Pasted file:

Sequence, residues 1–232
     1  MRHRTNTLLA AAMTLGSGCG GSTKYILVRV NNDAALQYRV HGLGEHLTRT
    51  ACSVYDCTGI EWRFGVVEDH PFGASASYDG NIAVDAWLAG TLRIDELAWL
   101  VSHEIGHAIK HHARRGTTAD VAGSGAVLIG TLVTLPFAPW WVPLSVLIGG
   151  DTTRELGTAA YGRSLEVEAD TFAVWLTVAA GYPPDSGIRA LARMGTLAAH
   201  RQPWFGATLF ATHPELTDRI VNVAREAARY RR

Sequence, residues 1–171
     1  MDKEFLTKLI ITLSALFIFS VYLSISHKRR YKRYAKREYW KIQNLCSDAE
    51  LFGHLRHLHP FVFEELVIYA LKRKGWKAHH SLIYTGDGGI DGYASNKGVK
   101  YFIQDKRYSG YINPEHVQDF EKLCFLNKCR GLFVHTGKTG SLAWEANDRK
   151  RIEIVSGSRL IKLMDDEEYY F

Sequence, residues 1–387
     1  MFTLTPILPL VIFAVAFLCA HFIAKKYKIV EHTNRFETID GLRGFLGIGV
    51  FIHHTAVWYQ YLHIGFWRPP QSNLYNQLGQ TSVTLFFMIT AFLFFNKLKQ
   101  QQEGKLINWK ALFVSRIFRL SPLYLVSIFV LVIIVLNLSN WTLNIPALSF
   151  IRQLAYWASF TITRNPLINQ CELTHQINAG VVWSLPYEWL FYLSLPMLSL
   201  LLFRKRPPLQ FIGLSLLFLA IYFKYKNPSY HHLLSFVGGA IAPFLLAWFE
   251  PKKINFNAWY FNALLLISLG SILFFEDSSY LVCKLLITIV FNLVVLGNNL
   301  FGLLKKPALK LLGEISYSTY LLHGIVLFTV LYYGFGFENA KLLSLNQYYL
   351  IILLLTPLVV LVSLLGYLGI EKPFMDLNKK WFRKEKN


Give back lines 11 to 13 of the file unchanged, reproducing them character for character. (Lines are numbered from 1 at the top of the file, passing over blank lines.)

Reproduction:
   151  RIEIVSGSRL IKLMDDEEYY F

Sequence, residues 1–387
     1  MFTLTPILPL VIFAVAFLCA HFIAKKYKIV EHTNRFETID GLRGFLGIGV